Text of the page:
Book review: Be a Better Boss – don’t be put off by the initial biographical details

This overview of a progressive corporate culture offers some interesting lessons for those leading public sector organisations too, writes Sir Bernard Jenkin
Henry Engelhardt in his office overlooking the Millennium Stadium in Cardiff, 2005. Photo: Jeff Morgan 01/Alamy Stock Photo

By Bernard Jenkin

15 Feb 2024


As the Liaison Committee is embarking on its inquiry into strategic thinking in government, I wonder what the civil and diplomatic services could learn from how the founder and CEO of Admiral Group, Henry Engelhardt, grew his company. From starting with just a handful of staff, the company now has over 10,000 employees, with £3.4bn in revenues. It is worth £7.8bn. Be a Better Boss sets out what Engelhardt believes is Admiral Group’s unique management philosophy. In the introduction, he writes: “I believe that even if you’re a manager in the public sector... much in this book can work for you.”

Front cover of Be a Better Boss❱ Be a Better Boss: Learn to build great teams and lead any organization to success

❱ Henry Engelhardt

❱ Whitefox Publishing Ltd

 Don’t be put off by the initial biographical details. There is more value in the later Admiral stories. From Elephant, a market leader in digitising the insurance sign-up process, to the decision to offer customers eight-month rather than 12-month contracts, these stories are intriguing. Why an eight rather than a 12-month contract? Because competitors contacted customers with marketing materials three months after they had already renewed with Admiral. In return, customers received their annual no-claims discount four months early.

This book gives insight into what one kind of functional corporate culture looks like. Engelhardt explains that Admiral was rarely – if ever – a first mover. They were not the first to target high premium clients or to cut out intermediaries. What separated Admiral from the competition was effective communication, teamwork, equality, rewarding success and having fun. These might seem like buzzwords but Engelhardt makes a case that Admiral’s business adopted these values and embedded them in positive attitudes and behaviour.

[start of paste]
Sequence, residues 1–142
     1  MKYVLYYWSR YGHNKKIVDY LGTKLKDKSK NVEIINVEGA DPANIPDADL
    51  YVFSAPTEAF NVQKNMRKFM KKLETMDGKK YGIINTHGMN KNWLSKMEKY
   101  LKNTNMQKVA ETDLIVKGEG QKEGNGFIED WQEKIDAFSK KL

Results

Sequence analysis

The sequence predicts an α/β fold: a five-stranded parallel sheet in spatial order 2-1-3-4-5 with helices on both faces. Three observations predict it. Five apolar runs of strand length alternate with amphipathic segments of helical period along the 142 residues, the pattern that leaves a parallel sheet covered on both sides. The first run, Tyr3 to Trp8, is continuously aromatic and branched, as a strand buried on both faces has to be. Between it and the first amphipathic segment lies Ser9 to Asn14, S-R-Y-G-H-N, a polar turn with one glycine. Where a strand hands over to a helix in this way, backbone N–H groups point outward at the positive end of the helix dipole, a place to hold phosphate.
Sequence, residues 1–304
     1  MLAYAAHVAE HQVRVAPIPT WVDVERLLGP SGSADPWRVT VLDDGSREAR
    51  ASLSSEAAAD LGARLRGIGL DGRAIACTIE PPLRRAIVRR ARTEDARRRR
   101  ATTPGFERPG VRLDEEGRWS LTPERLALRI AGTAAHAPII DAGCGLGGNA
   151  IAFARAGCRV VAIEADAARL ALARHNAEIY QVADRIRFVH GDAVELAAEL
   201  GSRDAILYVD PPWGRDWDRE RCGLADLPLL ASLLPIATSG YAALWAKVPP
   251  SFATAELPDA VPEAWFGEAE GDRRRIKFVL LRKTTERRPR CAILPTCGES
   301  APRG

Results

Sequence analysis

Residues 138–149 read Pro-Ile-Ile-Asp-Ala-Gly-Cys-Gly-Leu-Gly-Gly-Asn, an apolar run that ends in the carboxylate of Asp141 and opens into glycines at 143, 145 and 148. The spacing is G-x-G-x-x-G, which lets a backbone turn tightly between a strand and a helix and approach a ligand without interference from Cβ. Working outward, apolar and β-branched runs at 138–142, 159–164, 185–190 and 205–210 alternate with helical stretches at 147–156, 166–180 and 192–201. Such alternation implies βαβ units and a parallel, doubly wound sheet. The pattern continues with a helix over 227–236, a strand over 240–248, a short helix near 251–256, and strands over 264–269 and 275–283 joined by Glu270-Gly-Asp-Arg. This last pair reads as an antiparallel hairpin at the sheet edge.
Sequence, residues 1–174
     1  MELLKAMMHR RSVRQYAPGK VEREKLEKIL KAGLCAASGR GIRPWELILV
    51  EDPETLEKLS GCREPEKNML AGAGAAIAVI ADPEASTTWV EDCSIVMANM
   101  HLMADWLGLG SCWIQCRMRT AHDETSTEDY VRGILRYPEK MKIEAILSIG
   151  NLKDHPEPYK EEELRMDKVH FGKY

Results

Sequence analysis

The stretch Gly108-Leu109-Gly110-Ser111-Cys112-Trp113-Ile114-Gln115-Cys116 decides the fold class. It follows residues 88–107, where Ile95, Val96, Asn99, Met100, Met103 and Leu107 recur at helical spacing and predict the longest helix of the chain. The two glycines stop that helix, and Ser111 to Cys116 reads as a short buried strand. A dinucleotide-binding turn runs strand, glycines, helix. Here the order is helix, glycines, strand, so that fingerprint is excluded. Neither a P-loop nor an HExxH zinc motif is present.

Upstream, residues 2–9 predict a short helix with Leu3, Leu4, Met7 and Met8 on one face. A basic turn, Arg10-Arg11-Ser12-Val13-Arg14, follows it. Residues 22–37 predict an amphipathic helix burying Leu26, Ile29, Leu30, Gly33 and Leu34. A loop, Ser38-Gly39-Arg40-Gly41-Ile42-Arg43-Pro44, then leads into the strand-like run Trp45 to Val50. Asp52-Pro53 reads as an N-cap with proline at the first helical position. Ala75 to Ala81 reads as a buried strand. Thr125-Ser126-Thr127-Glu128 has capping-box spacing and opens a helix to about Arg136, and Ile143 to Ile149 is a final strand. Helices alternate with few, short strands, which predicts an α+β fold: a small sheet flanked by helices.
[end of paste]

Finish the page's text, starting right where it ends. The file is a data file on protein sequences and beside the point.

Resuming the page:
He urges managers to value teamwork over individual achievement, citing a story from his time at INSEAD Business School where a professor asked everyone to carry out a task, first as a team and then individually. All but a handful of students produced a better report when they worked as a team. Individual star performers should be rewarded generously, but he rejects any outward signs of inequality among employees. Admiral has no offices for executives, no company cars, and everyone receives the same company pension contribution.

Engelhardt also believes most employees under-communicate. He stuck a picture of a golf course on his wall and used a ball of blue tack to tell his employees how he was feeling. When the blue-tack ball was in the water, he was not to be disturbed. Irritating perhaps, but very human.

“Unlike Francis Maude, Engelhardt opposes outside hires”

 What lessons are there in this book for ministers and civil service leaders? Unlike Francis Maude, Engelhardt opposes outside hires. Instead, he recommends hiring promising recruits and watching how they function in junior positions. It is certainly true that Whitehall outside hires have either been absorbed into the prevailing culture or have left, leaving no impact. More sympathetic to the Maude world view, he argues against outsourcing to consultants. Too often, when a management consultant puts together a slide deck and you have a question about the methodology, it can take weeks to receive a proper answer. The person presenting should be able to explain where the data came from, what assumptions they made, and how to reproduce a modified version of the chart. There is no substitute for in-house expertise, experience and knowledge, made all but impossible by the present churning of officials across roles and departments.

After reading Engelhardt’s book, you might be left wondering whether an effective manager (or permanent secretary) can transform an existing organisation. When Engelhardt visited the office of a potential acquisition in America, he noticed that the managers all had exterior offices with city views. The rest of the employees were boxed into the centre of the office without natural light. Engelhardt decided this reflected a hierarchical culture antithetical to Admiral’s emphasis on equality. He did not make an offer.

If a civil service department has a poor culture, starting over is not an option. Governments cannot govern at all unless ministers learn to lead the civil servants they have got, but that does not preclude also having a transformation plan. Perhaps there is a management book by a CEO who transformed an existing business. Sir John Egan at Jaguar in the early 1980s was my hero. It is far harder to transform engrained cultures than create new institutions from scratch, but that is the challenge facing this generation of permanent secretaries – and the next.

Sir Bernard Jenkin is MP for Harwich and North Essex and chair of the Liaison Committee

Read the most recent articles written by Bernard Jenkin - In healthcare, as elsewhere, people make mistakes. The important thing is to learn why


Share this page